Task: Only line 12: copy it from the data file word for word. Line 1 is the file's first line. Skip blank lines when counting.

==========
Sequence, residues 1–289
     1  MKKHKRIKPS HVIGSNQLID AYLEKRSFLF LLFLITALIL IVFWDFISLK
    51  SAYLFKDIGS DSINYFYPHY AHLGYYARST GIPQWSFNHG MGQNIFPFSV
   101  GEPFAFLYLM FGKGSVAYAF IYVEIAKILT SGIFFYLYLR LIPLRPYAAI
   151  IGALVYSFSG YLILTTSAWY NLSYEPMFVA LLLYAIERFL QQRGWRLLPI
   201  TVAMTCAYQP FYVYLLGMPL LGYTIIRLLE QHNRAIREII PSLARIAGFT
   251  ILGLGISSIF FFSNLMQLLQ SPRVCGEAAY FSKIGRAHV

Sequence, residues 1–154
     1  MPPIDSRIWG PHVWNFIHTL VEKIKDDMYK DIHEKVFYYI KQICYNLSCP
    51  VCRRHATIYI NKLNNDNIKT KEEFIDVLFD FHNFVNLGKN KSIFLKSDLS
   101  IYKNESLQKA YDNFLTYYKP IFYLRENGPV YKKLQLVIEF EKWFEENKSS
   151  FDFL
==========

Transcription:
   151  FDFL